restricted access 8. Death and the Retina: Claire Lenoir, L'Accusateur, and Les Frères Kip

From: Optiques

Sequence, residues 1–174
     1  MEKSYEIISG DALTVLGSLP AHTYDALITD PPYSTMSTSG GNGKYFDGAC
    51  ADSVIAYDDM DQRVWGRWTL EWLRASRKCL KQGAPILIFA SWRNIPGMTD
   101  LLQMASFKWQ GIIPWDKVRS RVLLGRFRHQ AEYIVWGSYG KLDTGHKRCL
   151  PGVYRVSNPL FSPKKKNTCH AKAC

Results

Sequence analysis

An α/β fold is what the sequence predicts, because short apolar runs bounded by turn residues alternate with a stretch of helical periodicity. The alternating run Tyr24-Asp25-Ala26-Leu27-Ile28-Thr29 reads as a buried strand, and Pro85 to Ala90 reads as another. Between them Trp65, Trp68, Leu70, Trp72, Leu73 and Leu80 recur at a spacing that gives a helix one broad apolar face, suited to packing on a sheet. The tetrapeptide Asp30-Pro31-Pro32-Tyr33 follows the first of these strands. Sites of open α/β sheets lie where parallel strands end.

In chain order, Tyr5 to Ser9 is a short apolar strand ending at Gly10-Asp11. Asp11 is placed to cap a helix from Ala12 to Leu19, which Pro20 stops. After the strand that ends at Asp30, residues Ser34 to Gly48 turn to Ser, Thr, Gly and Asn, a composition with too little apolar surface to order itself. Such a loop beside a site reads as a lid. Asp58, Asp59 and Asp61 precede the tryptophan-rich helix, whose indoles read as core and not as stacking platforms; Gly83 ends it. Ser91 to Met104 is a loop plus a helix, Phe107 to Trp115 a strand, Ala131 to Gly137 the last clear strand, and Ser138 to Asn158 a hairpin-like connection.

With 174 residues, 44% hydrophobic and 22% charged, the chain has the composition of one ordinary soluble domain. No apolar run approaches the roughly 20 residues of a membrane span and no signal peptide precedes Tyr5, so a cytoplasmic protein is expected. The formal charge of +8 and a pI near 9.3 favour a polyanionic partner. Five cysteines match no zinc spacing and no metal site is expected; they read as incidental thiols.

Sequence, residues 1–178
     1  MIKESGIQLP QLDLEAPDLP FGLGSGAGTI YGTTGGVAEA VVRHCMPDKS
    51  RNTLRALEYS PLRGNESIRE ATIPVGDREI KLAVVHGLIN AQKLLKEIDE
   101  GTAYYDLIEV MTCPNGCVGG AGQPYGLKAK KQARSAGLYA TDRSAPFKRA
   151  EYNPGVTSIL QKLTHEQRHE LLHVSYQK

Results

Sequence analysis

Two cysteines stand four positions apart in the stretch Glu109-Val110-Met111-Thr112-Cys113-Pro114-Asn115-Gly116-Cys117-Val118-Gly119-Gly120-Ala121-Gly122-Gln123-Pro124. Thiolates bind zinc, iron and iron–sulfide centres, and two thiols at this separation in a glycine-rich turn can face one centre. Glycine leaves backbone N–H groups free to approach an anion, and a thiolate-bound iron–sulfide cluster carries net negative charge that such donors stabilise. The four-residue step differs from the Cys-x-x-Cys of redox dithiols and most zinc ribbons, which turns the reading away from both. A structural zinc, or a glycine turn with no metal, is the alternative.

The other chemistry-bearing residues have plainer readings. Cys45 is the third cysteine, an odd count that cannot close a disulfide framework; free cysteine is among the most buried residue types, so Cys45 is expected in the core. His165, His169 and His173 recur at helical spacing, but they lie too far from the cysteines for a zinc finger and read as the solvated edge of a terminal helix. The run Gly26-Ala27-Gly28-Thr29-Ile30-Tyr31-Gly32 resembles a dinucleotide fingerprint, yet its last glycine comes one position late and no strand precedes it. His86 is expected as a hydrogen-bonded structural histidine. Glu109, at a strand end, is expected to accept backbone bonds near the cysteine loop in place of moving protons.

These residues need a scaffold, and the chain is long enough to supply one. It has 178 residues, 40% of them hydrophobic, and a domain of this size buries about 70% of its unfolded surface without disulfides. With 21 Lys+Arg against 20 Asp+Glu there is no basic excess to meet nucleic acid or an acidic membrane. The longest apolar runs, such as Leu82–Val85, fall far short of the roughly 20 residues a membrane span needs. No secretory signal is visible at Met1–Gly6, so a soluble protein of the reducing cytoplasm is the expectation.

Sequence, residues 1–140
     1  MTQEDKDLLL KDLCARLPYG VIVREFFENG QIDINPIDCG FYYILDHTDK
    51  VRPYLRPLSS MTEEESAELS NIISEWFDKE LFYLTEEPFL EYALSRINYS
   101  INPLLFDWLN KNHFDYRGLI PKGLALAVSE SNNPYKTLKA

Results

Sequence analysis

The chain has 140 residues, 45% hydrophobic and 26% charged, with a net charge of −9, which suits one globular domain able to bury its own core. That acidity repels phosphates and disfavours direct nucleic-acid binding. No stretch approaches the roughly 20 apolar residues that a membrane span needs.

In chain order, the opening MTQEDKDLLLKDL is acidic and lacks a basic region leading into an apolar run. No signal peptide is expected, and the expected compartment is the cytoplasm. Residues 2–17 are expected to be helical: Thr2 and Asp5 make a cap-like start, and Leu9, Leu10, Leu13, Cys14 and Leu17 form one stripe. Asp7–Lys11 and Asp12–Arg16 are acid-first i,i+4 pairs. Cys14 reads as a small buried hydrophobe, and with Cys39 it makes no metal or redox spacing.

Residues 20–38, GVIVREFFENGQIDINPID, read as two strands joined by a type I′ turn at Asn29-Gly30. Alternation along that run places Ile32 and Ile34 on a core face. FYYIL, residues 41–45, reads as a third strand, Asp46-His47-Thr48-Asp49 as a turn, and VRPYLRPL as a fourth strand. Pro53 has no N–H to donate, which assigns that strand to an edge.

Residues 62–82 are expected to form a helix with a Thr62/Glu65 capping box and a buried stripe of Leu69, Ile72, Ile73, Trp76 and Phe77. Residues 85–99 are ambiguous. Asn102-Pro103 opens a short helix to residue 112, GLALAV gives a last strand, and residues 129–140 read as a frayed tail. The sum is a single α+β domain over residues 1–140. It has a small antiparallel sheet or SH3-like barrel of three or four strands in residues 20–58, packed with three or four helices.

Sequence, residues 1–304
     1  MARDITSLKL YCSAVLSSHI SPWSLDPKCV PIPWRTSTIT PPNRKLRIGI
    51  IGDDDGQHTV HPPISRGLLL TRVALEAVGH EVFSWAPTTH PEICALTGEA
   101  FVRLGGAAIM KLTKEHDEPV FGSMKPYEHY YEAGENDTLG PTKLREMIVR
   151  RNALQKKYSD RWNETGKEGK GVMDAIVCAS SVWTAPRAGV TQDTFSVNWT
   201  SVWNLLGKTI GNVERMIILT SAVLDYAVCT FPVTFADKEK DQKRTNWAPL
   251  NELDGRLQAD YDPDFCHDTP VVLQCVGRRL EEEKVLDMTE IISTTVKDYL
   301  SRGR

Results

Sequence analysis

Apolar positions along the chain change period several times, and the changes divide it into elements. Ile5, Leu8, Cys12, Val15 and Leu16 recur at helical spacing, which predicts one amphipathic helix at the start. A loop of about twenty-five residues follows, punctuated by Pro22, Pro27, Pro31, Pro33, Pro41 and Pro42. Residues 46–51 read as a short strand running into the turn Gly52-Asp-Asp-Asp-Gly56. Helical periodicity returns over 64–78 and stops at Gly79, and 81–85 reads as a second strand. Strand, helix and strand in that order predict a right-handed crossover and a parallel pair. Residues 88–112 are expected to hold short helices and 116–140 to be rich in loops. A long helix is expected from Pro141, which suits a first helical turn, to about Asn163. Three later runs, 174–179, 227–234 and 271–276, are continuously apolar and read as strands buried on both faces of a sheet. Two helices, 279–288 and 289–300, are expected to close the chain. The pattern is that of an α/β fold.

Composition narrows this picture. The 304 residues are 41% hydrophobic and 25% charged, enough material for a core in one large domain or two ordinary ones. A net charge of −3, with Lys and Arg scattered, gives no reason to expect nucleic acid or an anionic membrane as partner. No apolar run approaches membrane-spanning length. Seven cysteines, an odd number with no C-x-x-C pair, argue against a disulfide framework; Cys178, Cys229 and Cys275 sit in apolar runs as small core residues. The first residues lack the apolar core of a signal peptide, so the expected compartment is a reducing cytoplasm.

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Chapter 8 Death and the Retina: Claire Lenoir, L 'Accusateur, and Les Freres Kip While the burgeoning detective genre strained to locate solutions to mystery in the ratiocinating mind, one literary topos at the fin de siecle proposed an astoundingly literal discovery of truth in the body-namely, in the retinal membrane of a corpse's eye. Recent scientific findings that images are photochemically imprinted in the eye directly inspired three French authors to imagine the dramatic implications to the recovery of those images. What if a corpse could reveal its own murderer's identity? Or, as a character inJules Claretie's L'Accusateurputs it, "what if the final image seen, that of the murderer himself, were permanently fixed on the retina of his victim?" What might we learn by retrieving that image? How might our very bodily matter serve as witness and proof ofwhat has been? Villiers de l'Isle-Adam's fantastic philosophical tale Claire Lenoir (1867/ 1887) ,Jules Claretie's little-known detective story L'Accusateur (1897), and Jules Verne's science-fiction sea adventure Les Freres Kip (1902) answer these questions with varying degrees of fantastic imagination and philosophical reflection, but all three texts revolve around the conceit of the optogram: a photograph of a dead body's eye. The simplest, Verne's Les Freres Kip, is the story of Harry Gibson, a sea captain who is stabbed to death by two of his men on a remote island in the tropical South Pacific. Two of his passengers, the titular Dutch Brothers Kip, are falsely accused of the murder and imprisoned, until the captain's son happens to look closely with a magnifying glass at an enlarged photograph of his dead father's eye. The retinal image he sees is blurry, but distinct enough to identify the faces of the two actual killers. In light ofthis new evidence, the brothers Kip are exculpated and set free. In L'Accusateur, byJules Claretie, a retired foreign consul is stabbed to death in his Paris apartment and the typically eccentric detective Monsieur Bernardet is called in to investigate. Bolstered by an amateur interest in optical science and photography, Bernardet convinces a magistrate to photograph the dissected retina of the murdered man's eye. The resulting image, reasons Bernardet, may well reveal the identity of the 156 Chapter 8 last person seen by the murder victim, presumably his killer. The detective 's plan works up to a point: the photo reveals a hazy retinal image recognizable as the face of the victim's close friend, who is subsequently jailed and accused of the murder. But in fact the photo turns out to be a red herring, for the last image seen by the victim, Monsieur Rovere, had not been his murderer's face, but a portrait of his close friend (the man who would be thus unjustly accused). At the end of the novel, the truth is revealed-not by the optogram, as it is in Les Freres Kip, but by circumstance and confession. Finally, the earliest and best known of the three texts is Villiers' fantastic and philosophical Claire Lenoir. In this tale, the unreliable eccentric Tribulat Bonhomet reports on his philosophical debates with the married couple Claire and Cesaire Lenoir. Claire, who is blind, has had a secret affair with a naval officer. Claire's husband knows nothing about it until his untimely death, but he wreaks posthumous revenge on the adulterous couple by coming back in the form of a savage South Sea pirate who brutally murders his wife's lover. The story's fantastic denouement finds Tribulat Bonhomet at Claire's deathbed, about a year later. Mter watching Claire die in a state of visionary horror, Bonhomet performs an unwieldy examination of her eyeball with an ophthalmoscope (not, one should note, a camera, as in the other two texts). Through the eyepiece of the ophthalmoscope-or as he calls it, the keyhole to infinity-Tribulat sees a horrifYing retinal image: a vampiric savage holding high in triumph the bloody head of his victim, identifiable as Claire Lenoir's sea captain lover. This vision of Monsieur Lenoir's supernatural revenge shakes Tribulat's belief in materialism and the tale ends with a reflection on the impenetrable mysteries of death. In all three of these fictions, then, the observation of a newly dead person 's retina reveals the last image seen by that person, thereby apparently communicating to an observer the mysterious circumstances of the victim's death...